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Seeing and hearing Leonard Bernstein at the premiere of the film ‘Maestro’

Sony Classical releases a deluxe album of previously unpublished photographs of his best recordings as conductor of the New York Philharmonic, allowing us to delve into the protagonist of the film directed by and starring Bradley Cooper

Leonard Bernstein
Leonard Bernstein (below, at center), during a meet-and-greet in Moscow, August 1959.Don Hunstein / Sony Music Entertainment

A phone call changed Leonard Bernstein’s life (1918–1990). We hear it at the beginning of the soundtrack of Maestro, the film written, directed and starring Bradley Cooper, which hit theaters this Wednesday, just a few weeks before it arrives on Netflix. It was the morning of November 14, 1943, and an emergency meant that the young Bernstein had to fill in for the legendary Bruno Walter as the conductor of the New York Philharmonic. There was no time to rehearse because the Sunday concert was scheduled for three o’clock in the afternoon. His performance would also be broadcast live on the radio throughout the country.

That afternoon could have ruined his career, but the Massachusetts-born conductor made a legendary debut. We hear his excitement illustrated by a fragment of the music he wrote for the film On the Waterfront, with the voice of Bruno Zirato, the Italian managing director of the New York orchestra. The very difficult “bop, bop, bop” that opens Robert Schumann’s Manfred overture and kicked off the famous concert, plays as well. “The audience roared like a giant animal in a zoo,” his brother Burton, who attended with their parents, later recalled.

Leonard Bernstein
Leonard Bernstein conducts the Camerata Singers and the New York Philharmonic during the recording of his 'Chichester Psalms' at the Manhattan Center in July 1965. Don Hunstein © Sony Music Entertainment.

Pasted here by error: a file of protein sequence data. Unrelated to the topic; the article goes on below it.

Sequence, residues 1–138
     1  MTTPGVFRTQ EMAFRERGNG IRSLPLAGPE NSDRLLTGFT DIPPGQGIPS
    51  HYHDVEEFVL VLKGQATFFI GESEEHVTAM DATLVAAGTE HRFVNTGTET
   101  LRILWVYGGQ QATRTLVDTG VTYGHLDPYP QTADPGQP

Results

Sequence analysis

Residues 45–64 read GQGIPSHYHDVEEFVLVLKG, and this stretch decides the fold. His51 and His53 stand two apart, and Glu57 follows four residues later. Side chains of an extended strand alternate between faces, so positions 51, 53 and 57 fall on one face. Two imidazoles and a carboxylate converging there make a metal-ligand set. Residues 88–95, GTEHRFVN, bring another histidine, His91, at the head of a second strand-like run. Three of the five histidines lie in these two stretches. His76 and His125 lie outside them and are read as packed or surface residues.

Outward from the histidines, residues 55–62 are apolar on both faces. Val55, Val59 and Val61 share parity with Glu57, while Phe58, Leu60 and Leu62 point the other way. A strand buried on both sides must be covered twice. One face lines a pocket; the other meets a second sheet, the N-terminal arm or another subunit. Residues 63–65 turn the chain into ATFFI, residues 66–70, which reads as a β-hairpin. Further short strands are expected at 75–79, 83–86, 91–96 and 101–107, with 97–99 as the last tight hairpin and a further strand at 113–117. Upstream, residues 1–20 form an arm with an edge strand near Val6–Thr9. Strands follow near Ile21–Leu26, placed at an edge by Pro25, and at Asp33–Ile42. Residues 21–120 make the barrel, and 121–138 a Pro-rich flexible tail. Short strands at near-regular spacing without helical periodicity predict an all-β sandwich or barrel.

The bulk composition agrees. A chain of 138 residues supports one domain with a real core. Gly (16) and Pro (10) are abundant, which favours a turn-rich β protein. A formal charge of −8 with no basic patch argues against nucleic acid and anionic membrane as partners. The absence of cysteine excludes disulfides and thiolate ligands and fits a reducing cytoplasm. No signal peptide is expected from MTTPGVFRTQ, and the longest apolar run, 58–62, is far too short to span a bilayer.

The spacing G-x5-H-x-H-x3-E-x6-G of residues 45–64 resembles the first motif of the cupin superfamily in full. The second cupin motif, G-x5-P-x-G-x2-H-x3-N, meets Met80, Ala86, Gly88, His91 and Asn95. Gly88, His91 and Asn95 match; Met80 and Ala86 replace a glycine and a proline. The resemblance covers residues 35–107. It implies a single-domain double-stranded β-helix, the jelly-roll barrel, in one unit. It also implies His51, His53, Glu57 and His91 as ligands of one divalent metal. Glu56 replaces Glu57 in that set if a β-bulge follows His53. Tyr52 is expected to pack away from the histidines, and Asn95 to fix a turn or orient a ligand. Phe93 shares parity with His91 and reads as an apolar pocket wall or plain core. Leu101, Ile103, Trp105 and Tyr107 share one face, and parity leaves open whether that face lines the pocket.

Bernstein became the first American conductor to lead a coast-to-coast telecast from Carnegie Hall. The next day, his success made the front page of The New York Times. At the time, he was a 25-year-old assistant who had composed his first symphony and a handful of popular songs. The soundtrack, just released by Deutsche Grammophon (DG), continues with his first Broadway hit, the musical On the Town. Cooper uses two of Bernstein’s songs, sung on the piano at his sister Shirley’s house, to stage his first encounter with actress Felicia Montealegre (Carey Mulligan) in February 1946. Her complex love story with the multifaceted genius of classical music, who was Jewish and bisexual, is the subject of the rest of the film.

Sony Classical has just released a coffee table book entitled Leonard Bernstein: Maestro on Record, with 224 pages full of photographs, many of which were previously unpublished. Inside the cover, there’s a compilation of his best recordings with the New York Philharmonic, from 1956 to 1975, on 12 compact discs. The release allows us to delve deeper into Maestro’s protagonist, although it only illustrates his American period, when he made countless phonographic recordings as the principal conductor of Columbia’s old New York orchestra. During the last 15 years of his life, he was linked to Europe and recorded for DG, mostly with the Vienna Philharmonic.

Leonard Bernstein
Bernstein rehearses Arthur Honegger's 'Jeanne d'Arc au bûcher [Joan of Arc at the Stake]' with his wife, Felicia Montealegre, at Carnegie Hall in April 1958. Don Hunstein / Sony Music Entertainment

The book’s collection of snapshots comes from the Sony Music Photo Collection in New York. The archive is located in the heart of Manhattan and preserves a wealth of graphic material from 7,000 artists with the former CBS, RCA Victor, Jive and Arista labels. In Bernstein’s case, most of the photographs were taken by Don Hunstein. In chronological order, from 1956 to 1976, they depict “Bernstein’s boundless energy: preparing, performing and recording concert after concert with the New York Philharmonic, including composing and presenting the landmark Young People’s Concertos,” Craig Urquhart, Bernstein’s former personal assistant, writes in the book.